By: Michael J. Rosen
Illustrated by: Doug Jones
Publisher: Lerner Publishing
Publication Date: August 2013
Reviewed by: Deb Fowler
Review Date: December 2013
Food, glorious food. Wait, not all foods seem all that glorious if you’re not used to them. How about instead of those potato chips you munch on some chicken feet? Sounds pretty good. Not. Actually, in China “vinegar-flavored” chicken feet are “sold alongside peanuts and chips.” If you filled up a bowl with them and set out your favorite dip when your friends came over ... well, let’s just say they might not want to be your friend any more. Yuk! Pig’s hooves are a delicacy in some parts of the world and perhaps they’d prefer that to nibbling on those chicken toes. Seriously, if you lived in Norway those pig’s hooves would look some good.
There are a lot of tasty “nom nom nom” things people just love. I’m sure you’d like to have a can of surstrümming for lunch. It smells just like “rotten eggs, rancid butter, and farts.” Surely you don’t want to pass? If you were a Swede you’d thank me profusely for a can. Maybe. Another strange, but rather stinky delicacy is the durian, an Asian fruit that is “sometimes call the king of fruits.” Even dogs will come running when they smell it. Hey, ho ... too bad you really didn’t have some of these foods. Your friends would be some impressed if you actually ate them!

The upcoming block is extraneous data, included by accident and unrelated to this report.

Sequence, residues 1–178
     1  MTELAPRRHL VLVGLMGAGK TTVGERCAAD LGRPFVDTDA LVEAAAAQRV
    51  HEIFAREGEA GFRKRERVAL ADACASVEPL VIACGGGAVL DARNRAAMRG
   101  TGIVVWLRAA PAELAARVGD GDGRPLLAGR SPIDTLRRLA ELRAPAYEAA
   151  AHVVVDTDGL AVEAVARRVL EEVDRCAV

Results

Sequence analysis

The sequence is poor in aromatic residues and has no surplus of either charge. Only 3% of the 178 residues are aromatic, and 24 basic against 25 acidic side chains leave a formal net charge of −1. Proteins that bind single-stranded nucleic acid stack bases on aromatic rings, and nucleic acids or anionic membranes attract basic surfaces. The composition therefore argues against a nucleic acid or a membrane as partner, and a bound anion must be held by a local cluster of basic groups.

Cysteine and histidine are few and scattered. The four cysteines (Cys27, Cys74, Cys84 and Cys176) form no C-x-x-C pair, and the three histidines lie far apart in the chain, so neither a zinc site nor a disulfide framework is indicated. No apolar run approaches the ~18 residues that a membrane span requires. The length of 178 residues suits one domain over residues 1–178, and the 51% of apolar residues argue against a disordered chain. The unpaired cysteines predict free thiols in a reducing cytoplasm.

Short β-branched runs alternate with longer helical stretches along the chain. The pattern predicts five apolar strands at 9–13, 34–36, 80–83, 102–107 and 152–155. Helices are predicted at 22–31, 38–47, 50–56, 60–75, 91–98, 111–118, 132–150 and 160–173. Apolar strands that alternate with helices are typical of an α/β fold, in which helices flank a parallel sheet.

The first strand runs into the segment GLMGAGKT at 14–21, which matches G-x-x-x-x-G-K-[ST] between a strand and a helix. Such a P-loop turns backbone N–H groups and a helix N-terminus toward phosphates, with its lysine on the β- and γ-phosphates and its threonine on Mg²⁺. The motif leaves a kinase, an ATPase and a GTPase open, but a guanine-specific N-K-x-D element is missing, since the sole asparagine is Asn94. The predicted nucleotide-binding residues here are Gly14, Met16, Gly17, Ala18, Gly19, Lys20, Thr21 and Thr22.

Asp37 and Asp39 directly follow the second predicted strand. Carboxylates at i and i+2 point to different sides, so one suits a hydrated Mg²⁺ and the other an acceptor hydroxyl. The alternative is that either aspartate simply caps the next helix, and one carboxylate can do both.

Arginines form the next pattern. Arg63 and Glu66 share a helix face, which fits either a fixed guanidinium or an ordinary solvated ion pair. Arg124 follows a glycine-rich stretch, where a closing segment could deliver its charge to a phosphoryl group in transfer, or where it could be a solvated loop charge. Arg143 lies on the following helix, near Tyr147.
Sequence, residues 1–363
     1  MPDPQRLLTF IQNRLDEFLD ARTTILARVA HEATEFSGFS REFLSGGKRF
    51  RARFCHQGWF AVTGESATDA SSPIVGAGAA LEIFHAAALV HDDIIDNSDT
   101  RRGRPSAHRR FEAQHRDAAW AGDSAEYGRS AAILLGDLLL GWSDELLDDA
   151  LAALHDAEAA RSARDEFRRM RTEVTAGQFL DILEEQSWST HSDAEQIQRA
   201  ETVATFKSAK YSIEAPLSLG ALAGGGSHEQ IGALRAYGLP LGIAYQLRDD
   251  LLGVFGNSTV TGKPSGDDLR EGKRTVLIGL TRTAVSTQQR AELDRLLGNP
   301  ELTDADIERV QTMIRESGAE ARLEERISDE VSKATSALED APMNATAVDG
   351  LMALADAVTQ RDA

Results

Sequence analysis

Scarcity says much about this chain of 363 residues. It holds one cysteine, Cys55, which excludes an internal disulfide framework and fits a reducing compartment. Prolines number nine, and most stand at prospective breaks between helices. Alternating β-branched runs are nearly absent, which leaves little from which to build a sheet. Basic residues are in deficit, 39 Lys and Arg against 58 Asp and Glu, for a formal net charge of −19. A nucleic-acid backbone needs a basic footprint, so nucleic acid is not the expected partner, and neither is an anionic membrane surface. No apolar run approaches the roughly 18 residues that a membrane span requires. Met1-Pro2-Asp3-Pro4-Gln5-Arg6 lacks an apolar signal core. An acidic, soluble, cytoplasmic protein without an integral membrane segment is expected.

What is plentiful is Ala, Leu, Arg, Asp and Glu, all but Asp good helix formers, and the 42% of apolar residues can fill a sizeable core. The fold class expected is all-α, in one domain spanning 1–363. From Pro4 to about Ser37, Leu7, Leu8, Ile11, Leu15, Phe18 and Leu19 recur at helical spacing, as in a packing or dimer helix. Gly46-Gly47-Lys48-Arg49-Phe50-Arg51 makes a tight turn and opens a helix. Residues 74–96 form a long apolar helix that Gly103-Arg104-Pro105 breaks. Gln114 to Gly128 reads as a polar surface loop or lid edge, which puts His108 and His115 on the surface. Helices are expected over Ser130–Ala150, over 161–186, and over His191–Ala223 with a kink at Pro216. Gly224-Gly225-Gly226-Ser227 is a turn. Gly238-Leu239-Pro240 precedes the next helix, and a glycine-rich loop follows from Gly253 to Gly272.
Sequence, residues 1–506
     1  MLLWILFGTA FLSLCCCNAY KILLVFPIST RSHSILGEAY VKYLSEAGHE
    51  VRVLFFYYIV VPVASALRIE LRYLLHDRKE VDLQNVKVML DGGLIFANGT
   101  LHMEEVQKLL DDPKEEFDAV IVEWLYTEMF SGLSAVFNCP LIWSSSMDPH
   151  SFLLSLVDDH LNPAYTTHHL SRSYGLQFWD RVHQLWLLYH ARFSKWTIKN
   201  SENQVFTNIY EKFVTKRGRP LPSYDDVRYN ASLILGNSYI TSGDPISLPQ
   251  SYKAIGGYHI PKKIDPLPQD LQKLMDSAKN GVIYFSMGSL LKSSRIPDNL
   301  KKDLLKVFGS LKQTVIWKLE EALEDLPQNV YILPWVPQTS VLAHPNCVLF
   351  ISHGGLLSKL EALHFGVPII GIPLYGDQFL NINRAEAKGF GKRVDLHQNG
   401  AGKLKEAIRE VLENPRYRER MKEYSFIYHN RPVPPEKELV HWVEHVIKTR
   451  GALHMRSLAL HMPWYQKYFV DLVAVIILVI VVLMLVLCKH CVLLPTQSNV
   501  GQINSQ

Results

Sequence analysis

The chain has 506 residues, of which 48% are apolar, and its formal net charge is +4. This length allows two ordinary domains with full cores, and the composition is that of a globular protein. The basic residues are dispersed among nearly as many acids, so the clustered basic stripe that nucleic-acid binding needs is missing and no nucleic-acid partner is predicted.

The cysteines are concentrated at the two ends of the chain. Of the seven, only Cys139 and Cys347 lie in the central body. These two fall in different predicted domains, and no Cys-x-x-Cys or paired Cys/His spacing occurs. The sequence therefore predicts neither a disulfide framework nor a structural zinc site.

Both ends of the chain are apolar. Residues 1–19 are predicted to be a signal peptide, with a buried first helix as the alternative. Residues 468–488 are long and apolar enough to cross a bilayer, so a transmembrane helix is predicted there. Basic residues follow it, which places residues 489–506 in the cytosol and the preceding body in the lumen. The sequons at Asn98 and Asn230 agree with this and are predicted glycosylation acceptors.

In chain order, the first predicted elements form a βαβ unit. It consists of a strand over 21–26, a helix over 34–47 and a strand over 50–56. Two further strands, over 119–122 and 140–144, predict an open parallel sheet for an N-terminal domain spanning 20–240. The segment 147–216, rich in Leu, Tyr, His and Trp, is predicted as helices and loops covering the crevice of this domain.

Imagine ordering up some “casu marzu” in a restaurant. This very unusual cheese “is infested with little slimy wormlike creatures.” Ummm, maggots to be exact and they jump too. You get the picture. This book is packed with delicacies that are way appealing to certain groups of people, but way not to you. Your yuk factor will kick in big time when you read about things like casu marzu, kopie luwak, and yak butter tea. Never heard of them? You’ll be telling all your friends about them once you read this book.
This is an amazing collection of really, really strange foods that will excite young readers. This is the type of book that will engage even the most reluctant reader as they turn the pages of this book. The layout is very vibrant with graphic novel-like drawings and mesmerizing photographs of the most unusual foods. The kopi luwak is a most unusual brew that will keep youngsters talking and laughing about it for days. The writing is definitely upbeat and kid-friendly and has the gross factor that has a lot of appeal to some. In the back of the book is an index, a glossary, and additional recommended book and website resources to explore.
Quill says: If you have a youngster who is into weird, wacky, and gross they'll really adore this book!